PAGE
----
About the Authors

Matthew M. Hurley is a research associate at the Center for Research on Concepts and Cognition at Indiana University where he works with Douglas Hofstadter. He splits his life between his university office in Indiana and his home, with his wife, in Hong Kong. He earned his B.A. in computer science and cognitive science at Tufts University in Medford, MA, not far from where he grew up in Reading, MA.

Inside Jokes is his first book and first publication. His current research focuses on the role that emotion plays in intelligence, creativity and will.

He is also a mountaineer well into pursuit of the seven-summits challenge and an avid yachtsman.

You can find more information about Matthew at his website.

Daniel C. Dennett, the author of Breaking the Spell (Viking, 2006), Freedom Evolves (Viking Penguin, 2003) and Darwin's Dangerous Idea (Simon & Schuster, 1995), is University Professor and Austin B. Fletcher Professor of Philosophy, and Co-Director of the Center for Cognitive Studies at Tufts University. He lives with his wife in North Andover, Massachusetts, and has a daughter, a son, and three grandchildren. He was born in Boston in 1942, the son of a historian by the same name, and received his B.A. in philosophy from Harvard in 1963. He then went to Oxford to work with Gilbert Ryle, under whose supervision he completed the D.Phil. in philosophy in 1965. He taught at U.C. Irvine from 1965 to 1971, when he moved to Tufts, where he has taught ever since, aside from periods visiting at Harvard, Pittsburgh, Oxford, the École Normale Supérieure in Paris, the London School of Economics and the American University of Beirut.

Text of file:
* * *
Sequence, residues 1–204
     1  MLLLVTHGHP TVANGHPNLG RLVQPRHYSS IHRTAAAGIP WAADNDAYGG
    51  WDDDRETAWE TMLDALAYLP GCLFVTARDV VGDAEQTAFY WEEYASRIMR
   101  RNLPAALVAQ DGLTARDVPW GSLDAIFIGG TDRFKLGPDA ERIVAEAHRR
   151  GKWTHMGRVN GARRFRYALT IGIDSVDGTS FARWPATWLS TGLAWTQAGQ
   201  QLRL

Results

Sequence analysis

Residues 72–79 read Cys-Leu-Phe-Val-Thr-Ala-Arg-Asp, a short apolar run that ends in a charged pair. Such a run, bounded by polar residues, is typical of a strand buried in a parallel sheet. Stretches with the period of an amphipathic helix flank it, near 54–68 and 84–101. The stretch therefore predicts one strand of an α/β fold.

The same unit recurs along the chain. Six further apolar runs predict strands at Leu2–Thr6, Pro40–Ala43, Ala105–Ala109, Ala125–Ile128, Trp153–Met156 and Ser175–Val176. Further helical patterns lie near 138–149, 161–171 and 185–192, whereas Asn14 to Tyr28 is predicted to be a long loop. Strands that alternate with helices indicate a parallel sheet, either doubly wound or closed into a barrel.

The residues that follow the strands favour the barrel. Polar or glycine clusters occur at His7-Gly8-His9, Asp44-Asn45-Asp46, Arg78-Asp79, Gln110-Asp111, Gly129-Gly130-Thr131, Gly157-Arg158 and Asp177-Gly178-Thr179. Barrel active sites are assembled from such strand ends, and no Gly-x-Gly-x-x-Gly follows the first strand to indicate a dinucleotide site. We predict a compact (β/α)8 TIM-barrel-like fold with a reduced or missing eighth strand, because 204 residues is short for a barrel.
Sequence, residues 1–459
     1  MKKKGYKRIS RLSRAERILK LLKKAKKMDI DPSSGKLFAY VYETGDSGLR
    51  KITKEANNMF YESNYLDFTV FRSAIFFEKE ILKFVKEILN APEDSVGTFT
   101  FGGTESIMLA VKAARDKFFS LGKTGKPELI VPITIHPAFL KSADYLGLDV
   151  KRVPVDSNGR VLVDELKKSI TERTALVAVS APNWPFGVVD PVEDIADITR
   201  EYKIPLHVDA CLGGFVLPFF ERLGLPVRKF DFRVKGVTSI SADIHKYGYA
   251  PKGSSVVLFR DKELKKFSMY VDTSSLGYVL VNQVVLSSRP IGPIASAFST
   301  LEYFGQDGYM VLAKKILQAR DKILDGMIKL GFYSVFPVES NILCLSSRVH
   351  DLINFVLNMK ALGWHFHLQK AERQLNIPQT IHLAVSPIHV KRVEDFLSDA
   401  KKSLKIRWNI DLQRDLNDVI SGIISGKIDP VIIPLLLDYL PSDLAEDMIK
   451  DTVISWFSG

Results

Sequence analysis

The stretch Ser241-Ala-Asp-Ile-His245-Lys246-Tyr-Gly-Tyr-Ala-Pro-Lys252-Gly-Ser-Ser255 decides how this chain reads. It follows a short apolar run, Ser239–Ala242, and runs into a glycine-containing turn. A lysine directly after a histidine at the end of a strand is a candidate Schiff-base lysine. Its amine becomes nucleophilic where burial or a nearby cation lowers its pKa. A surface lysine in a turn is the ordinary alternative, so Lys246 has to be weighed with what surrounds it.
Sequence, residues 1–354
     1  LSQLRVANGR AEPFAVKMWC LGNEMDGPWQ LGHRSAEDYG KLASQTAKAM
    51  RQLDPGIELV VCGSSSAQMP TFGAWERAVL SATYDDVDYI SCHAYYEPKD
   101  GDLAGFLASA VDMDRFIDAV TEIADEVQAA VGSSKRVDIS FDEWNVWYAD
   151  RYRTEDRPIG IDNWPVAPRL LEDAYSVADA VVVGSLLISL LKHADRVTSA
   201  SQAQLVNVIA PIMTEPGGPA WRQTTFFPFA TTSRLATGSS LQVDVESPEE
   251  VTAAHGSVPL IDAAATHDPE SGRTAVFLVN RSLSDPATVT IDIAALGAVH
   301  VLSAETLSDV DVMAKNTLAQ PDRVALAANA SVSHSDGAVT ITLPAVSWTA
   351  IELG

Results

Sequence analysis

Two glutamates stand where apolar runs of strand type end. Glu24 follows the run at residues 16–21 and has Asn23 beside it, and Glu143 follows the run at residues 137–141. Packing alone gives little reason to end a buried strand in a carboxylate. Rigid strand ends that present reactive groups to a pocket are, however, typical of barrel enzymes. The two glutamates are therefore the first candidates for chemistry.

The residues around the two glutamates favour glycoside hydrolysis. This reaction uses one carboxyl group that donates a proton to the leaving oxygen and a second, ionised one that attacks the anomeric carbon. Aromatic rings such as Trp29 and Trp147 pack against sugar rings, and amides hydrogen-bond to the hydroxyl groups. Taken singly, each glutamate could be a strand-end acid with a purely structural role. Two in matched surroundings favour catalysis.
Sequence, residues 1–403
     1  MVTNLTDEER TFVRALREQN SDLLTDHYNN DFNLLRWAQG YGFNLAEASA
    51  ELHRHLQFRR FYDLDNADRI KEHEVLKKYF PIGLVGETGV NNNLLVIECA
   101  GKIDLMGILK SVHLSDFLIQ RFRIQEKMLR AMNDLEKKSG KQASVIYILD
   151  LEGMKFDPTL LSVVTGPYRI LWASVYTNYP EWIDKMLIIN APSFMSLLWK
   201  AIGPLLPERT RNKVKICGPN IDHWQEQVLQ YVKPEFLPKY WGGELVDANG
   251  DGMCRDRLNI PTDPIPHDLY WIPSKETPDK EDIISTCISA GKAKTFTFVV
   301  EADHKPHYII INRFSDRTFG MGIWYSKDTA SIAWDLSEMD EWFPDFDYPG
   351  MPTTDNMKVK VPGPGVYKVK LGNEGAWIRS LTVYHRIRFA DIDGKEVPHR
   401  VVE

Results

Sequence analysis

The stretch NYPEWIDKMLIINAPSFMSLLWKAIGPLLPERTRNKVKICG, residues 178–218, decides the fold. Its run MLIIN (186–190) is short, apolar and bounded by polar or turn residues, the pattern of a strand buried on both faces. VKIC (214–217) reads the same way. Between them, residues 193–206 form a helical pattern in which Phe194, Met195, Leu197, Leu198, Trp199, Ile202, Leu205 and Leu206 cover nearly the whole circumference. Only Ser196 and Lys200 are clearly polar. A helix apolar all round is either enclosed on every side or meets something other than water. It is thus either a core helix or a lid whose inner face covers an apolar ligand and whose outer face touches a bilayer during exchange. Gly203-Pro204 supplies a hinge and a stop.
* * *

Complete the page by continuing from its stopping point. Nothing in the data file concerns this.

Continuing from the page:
He spends most of his summers on his farm in Maine, where he harvests blueberries, hay and timber, and makes Normandy cider wine, when he is not sailing. He is also a sculptor.

You can find more information about Dan at his website.

Reginald B. Adams Jr. is an assistant professor of psychology at the Pennsylvania State University, State College, PA. He recently published an edited volume, The Science of Social Vision (Oxford, 2010), which heralds a newly burgeoning field of inquiry at the intersection of social psychology and visual cognition. He completed his B.A. in psychology at the University of Virginia in his hometown of Charlottesville, and completed his Ph.D. in experimental social psychology at Dartmouth College. He currently lives in Central Pennsylvania with his wife and two children. He has authored nearly 50 scholarly publications focused on human emotion and nonverbal communication.

Reg has cultivated a major interest in humor over the years. He teaches a course on humor, The Laughing Animal, designed to explore the origins of this uniquely human phenomenon from phylogenic and ontogenetic perspectives. This course applies insights gained from examining humor to broader research themes including creativity, attribution theories, and emotion theories.

You can find more information about Reg at his website.